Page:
At present, there are a number of promising discoveries, technologies, and reagents that are poised to have a catalytic effect on the field of regenerative biology and medicine: the ability to constitute pluripotent stem cells from reprogramming with specific transcription factors using integrating viruses, nonintegrating viruses [49], or recombinant proteins [50]; and lineage tracing with Cre recombinase models [24,32], imaging of live cells [51], and markers of lung stem/progenitor cells [24,29,52]. In 2008-2009, NHLBI issued an RFA “NHLBI Progenitor Cell Biology Consortium.” The aim of this initiative is to markedly accelerate progress by forming a coordinated consortium that includes leading scientists in the field of cardiovascular, pulmonary, and hematopoietic cell biology, working closely with experts in the general field of progenitor cell biology. The goal of the consortium will be to harness advances in stem and progenitor cell biology to improve the understanding and treatment of cardiovascular, lung, and blood diseases. Areas of emphasis are expected to include lineages derived from murine and human embryonic stem cells, progenitor cells, somatic stem cells, and iPS cells. In addition, the derivation of iPS cells from patients with genetic diseases and differentiation of these cells to specific cell types are expected to give unique mechanistic insight into disease processes.

NHLBI recognizes that fundamental knowledge of pulmonary stem and progenitor cell biology, including progenitor cell lineages, lags behind the level of understanding in the cardiovascular and hematopoietic fields and has supported scientific meetings for lung stem cell biology and targeted funds through RFA mechanisms to support this new field (Table (Table1).1). An area of emphasis in recent initiatives is the generation of well-characterized lung progenitor cell fate maps, integrated with specific approaches to identify, purify, renew, and direct the differentiation of specific lineages of interest. Another important focus will be regional and/or developmental differences in cell origin and lineage, the identification of appropriate phenotypic markers to facilitate these studies, and programming and regeneration of three-dimensional structures for gas exchange and host defense. Research support of investigator-initiated and/or targeted RFAs is expected to foster innovative new technologies, reagents, strategies, and protocols that will have a major impact on scientific, translational, and clinical utility of lung progenitor cell lineages.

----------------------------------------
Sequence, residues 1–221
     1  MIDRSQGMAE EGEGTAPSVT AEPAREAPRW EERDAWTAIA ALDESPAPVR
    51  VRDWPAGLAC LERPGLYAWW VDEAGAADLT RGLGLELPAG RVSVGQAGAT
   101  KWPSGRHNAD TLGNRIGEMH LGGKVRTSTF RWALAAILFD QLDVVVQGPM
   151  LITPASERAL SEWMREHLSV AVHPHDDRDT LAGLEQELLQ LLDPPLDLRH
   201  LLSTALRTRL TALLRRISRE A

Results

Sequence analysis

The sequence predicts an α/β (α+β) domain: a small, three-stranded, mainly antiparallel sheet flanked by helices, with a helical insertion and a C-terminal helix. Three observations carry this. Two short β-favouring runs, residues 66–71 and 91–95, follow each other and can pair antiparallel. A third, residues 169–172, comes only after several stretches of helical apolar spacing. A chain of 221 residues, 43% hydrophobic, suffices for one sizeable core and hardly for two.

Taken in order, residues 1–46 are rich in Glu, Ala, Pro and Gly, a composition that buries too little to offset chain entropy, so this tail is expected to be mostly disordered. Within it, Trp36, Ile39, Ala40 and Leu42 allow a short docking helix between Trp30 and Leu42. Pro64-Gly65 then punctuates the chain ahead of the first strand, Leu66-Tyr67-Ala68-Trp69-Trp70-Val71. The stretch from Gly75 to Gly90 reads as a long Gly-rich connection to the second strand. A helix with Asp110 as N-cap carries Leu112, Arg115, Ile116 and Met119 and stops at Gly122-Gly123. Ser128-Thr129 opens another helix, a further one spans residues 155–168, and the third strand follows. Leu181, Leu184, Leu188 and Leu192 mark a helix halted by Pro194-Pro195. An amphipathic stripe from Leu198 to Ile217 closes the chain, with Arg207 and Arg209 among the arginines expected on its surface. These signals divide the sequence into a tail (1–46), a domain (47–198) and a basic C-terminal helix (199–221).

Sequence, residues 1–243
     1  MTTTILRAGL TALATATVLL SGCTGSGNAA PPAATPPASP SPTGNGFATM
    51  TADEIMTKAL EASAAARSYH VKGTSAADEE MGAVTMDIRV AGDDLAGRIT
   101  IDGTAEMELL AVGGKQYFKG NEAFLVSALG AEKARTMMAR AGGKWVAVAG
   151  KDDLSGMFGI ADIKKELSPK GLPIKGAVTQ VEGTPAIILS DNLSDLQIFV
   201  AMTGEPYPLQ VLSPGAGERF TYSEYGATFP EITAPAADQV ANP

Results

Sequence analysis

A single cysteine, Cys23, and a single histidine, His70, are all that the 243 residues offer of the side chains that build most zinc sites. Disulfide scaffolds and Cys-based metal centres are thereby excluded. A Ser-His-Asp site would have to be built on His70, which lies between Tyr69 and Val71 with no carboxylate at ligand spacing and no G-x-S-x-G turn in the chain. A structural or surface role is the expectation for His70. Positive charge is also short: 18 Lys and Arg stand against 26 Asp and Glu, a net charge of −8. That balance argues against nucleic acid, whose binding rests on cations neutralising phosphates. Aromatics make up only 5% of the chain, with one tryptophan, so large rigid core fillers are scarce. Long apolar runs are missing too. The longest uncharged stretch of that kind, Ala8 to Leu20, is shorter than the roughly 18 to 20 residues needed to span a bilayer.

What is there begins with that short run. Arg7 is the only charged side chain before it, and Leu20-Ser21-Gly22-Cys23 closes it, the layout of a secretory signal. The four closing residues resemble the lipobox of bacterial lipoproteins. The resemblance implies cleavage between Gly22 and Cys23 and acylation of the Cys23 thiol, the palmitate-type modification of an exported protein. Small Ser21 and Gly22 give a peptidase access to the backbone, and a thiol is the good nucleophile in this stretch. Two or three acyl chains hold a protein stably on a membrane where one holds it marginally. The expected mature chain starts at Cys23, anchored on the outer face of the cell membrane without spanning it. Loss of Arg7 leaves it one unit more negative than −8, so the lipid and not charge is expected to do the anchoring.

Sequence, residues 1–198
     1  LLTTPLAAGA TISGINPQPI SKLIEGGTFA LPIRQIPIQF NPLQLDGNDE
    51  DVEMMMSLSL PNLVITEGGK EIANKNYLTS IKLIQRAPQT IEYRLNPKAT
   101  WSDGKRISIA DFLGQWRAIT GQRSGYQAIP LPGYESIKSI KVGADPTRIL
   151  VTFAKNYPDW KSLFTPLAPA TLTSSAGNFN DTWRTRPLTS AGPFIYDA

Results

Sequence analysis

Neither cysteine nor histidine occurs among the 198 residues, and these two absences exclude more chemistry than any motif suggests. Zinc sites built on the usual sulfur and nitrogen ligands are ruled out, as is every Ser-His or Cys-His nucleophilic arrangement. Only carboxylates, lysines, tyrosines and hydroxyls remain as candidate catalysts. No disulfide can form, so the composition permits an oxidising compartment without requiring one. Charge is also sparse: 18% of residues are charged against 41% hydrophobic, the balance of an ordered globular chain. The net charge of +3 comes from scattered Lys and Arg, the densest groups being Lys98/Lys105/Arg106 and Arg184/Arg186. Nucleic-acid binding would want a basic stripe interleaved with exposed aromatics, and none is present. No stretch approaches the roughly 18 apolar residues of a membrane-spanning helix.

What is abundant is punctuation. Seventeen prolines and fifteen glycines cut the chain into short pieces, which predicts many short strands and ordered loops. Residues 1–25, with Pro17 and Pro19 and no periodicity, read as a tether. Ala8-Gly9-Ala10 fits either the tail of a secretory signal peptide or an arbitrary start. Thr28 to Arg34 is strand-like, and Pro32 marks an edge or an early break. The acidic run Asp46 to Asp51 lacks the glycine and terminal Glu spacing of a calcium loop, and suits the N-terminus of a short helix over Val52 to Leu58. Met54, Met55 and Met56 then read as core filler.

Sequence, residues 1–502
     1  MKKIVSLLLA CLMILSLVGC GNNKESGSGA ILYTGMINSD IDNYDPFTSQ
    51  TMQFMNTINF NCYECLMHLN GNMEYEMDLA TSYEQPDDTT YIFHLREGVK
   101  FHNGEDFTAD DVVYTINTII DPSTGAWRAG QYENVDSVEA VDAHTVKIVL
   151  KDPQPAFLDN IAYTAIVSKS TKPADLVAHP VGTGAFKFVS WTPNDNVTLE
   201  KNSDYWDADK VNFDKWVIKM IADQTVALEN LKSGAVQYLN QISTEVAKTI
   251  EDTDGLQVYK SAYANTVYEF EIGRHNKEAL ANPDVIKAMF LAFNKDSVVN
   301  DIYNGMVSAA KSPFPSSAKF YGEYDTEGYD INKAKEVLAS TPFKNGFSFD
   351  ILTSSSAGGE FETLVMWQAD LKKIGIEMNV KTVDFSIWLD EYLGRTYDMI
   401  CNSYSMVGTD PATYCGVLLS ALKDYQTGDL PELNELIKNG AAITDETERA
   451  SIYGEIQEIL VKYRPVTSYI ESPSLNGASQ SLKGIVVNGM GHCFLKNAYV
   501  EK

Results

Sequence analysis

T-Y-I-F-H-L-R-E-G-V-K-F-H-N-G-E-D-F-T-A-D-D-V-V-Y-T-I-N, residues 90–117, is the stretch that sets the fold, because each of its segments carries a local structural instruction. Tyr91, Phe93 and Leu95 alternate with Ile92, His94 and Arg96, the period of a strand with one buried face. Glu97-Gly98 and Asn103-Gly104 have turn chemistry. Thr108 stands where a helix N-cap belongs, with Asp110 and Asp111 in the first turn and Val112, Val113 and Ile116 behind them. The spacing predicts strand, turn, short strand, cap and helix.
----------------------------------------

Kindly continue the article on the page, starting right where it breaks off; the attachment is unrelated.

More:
Investigators are encouraged to pursue careers in this exciting new area of lung biology that presents many opportunities for advancing the understanding of lung health and disease and developing new strategies for treatment (Table (Table2).2). We encourage investigators to contact staff, who can answer questions about NIH-supported research and review the NHLBI strategic plan [48]. Advancing lung stem cell biology will require multidisciplinary teams and a long-term effort to unravel the biologic processes of stem cells in the lung. Although no clinical research in lung stem cell therapies is currently funded by NHLBI, the knowledge gained by understanding the basic biology of the lung stem cell populations will be needed to translate to diagnostic and therapeutic strategies in the future. Several studies are being conducted outside the United States using cell therapy to treat lung disorders [5]. It will be important to be prudent, rigorous, and careful as researchers in the United States proceed in translational science in lung stem cell therapies. Early interactions with the Food and Drug Administration are encouraged to put in place the appropriate studies for investigational new drug and device applications.